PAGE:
Chicago stood up and stepped away from her bar stool, tugging and straightening her skirt. “Come here,” she said, beckoning me with a finger, the twinkle in her eye aflame. I stood and approached her. “Closer,” she demanded. I inched closer until our bodies were almost touching. I could feel her heat and smell her shampoo. I imagined I could feel the blood racing through her veins. And then I could.
Chicago reached out and drew me into an embrace. Her arms wrapped around my waist, she rested her head against my chest. I placed my hands on her hips and felt her body against mine. We each breathed a breath or two and she pulled her head away. “Kiss me.” I accommodated her request. “No, not like that,” she insisted, “like this.” Chicago leaned into me again, molding her body to mine and we kissed, our tongues dancing together, our bodies growing hotter. The sounds of the bar disappeared. I brought a hand to the back of her head, entwining my hand in her hair and held her there until we both needed another breath.
“Whew,” she whispered as she rested her head against my chest again and I dropped my hands back to her hips. “Okay. That’s the third thing. You fit me perfectly. No change that. We fit perfectly.”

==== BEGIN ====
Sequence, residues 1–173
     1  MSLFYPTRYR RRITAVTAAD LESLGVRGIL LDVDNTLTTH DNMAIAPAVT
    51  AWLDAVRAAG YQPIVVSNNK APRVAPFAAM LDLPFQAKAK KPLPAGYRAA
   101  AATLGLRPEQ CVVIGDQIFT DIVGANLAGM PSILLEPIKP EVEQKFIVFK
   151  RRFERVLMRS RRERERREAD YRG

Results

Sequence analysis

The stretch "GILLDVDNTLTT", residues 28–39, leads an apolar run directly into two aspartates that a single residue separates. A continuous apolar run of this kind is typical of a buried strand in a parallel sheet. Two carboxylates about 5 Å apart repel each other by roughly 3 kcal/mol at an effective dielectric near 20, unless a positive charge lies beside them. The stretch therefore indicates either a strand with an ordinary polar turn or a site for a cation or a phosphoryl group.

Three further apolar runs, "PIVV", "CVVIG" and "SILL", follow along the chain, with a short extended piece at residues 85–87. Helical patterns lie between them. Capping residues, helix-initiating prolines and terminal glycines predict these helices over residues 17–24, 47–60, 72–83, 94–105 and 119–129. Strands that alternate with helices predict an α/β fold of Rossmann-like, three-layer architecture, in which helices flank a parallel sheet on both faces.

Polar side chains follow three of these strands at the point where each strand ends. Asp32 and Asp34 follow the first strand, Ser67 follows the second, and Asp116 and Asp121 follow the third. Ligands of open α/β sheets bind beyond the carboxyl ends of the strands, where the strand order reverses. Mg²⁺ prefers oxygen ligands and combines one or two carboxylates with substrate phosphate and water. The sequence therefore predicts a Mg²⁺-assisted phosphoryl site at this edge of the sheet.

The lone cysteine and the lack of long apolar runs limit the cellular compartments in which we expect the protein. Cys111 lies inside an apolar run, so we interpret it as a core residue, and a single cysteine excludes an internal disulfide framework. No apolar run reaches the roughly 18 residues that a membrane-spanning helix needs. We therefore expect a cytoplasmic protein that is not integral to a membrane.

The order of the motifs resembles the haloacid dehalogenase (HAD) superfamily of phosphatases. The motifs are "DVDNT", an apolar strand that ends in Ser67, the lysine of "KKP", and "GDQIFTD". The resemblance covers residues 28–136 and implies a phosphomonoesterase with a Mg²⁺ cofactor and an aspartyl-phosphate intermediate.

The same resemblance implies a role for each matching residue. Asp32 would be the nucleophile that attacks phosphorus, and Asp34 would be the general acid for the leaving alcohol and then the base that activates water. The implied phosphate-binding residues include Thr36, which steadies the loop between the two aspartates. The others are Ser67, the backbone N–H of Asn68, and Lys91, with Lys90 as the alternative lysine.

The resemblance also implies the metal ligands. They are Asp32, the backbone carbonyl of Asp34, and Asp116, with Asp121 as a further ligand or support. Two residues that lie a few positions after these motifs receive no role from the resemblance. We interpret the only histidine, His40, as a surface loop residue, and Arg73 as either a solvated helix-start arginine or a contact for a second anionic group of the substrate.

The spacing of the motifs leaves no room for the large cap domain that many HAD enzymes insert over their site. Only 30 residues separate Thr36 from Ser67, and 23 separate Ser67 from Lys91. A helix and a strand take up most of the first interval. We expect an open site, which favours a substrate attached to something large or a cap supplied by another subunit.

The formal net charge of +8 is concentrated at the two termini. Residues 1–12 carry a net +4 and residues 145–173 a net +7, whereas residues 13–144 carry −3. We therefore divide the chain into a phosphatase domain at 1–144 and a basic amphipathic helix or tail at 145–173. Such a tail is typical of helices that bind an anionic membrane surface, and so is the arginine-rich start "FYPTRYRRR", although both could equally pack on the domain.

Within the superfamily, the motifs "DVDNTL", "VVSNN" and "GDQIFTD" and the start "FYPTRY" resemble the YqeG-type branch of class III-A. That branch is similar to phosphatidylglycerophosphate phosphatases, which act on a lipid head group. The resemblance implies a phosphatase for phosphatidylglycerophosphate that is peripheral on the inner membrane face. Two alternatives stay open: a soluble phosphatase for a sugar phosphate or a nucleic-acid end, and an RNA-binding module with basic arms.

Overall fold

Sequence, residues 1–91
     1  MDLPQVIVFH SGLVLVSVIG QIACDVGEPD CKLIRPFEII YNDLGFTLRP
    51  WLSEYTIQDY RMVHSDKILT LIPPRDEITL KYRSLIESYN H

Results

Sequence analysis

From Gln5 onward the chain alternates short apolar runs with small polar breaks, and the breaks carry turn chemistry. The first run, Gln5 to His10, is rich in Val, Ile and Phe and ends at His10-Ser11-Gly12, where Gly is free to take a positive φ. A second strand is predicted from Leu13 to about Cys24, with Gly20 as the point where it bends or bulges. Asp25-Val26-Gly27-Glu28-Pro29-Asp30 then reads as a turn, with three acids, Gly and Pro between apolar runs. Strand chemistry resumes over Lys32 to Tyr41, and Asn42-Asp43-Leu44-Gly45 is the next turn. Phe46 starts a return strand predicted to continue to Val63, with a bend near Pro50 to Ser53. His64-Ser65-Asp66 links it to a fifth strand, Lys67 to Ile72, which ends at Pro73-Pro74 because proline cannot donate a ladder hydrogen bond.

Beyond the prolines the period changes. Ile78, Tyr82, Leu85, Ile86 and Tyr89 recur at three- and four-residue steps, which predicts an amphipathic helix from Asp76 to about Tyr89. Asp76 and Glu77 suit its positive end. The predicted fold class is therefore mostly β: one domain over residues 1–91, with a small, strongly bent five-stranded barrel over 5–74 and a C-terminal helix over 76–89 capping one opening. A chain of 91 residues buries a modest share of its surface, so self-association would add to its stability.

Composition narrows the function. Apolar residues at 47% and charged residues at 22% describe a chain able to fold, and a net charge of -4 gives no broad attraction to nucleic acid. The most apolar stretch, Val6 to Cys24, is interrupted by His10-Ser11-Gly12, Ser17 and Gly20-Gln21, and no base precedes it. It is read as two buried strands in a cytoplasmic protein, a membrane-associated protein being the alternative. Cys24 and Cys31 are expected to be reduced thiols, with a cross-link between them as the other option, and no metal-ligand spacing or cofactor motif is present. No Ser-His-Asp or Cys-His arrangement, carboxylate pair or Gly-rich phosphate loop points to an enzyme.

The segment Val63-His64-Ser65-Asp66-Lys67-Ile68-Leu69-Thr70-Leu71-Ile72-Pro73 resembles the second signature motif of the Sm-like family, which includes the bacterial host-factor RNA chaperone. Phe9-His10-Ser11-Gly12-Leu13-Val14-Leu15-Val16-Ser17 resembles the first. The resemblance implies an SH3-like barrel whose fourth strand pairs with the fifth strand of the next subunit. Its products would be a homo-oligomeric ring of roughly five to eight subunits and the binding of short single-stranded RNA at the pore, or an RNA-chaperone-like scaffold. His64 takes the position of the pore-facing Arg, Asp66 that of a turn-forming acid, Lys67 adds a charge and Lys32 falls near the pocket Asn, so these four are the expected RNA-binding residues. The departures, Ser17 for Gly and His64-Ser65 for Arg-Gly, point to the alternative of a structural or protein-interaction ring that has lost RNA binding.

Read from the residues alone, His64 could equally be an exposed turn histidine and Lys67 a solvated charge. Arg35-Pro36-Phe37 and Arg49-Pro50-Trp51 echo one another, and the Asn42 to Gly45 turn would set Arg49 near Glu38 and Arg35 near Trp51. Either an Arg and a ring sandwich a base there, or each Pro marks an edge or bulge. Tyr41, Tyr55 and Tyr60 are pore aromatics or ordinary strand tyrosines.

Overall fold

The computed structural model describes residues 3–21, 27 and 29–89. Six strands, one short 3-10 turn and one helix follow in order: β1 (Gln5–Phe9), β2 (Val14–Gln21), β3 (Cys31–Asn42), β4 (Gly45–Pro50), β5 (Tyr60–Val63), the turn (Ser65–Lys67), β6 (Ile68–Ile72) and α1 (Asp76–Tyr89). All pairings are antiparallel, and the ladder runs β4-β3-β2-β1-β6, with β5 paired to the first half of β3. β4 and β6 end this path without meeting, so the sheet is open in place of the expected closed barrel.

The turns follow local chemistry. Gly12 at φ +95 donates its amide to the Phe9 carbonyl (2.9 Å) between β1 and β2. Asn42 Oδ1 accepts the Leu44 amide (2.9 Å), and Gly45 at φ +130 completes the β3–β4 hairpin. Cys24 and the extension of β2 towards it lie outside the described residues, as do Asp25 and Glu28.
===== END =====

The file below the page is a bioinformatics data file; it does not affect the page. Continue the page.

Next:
Who was I to disagree?
We stayed like that for a moment before Chicago pulled away. “It’s my turn,” she said. “Three things.”
We sat back down, but this time I nudged my stool closer to hers so we could remain in contact.
“I have three degrees. Pyschology, Criminology, and French.” She giggled and looked sideways at me. “I’m thinking of a fourth.”
“Okay,” I replied, interrupting her before she could move onto her next tidbit about herself. “That tells me you are really smart, or,” I held up my hand to stop her from responding, “you can’t commit.” I tried to laugh it off because it was an odd challenge to make to a girl I was about to marry. If she couldn’t pick a major and a career, what did it say about the chances of her sticking with me once it got boringly normal?
“Maybe it’s both,” she winked at me. “But don’t you worry about us. I was with Jake for a loooong time.” She shuddered then. I felt it against me and I wrapped my arm around her shoulder, drawing her closer to me. “So, the second thing about me that you should know is . . .,” Chicago began to drum her fingers on the bar, “. . . that I really like cats.”
I almost shouted it, “Bingo,’ and kissed her on the cheek. “Me, too.”
* * * * *
So, we got married. Yes, we did. Chicago never told me the third thing.
The rabbi was there from the first pitch, watching the game from a corner of the box. He had a couple of brats, loaded down with sauerkraut, and a pair of beers. “Don’t tell my wife,” he requested. He wiped a smear of mustard from his cheek and took another bite. “Or my congregation. Oy vey, the kibitzers would have a field day with this.” I half expected him to cross himself the way a priest might after nipping from the holy wine, but instead Rabbi Saltzman stuffed the final bit of his polish into his mouth and turned his attention to the game.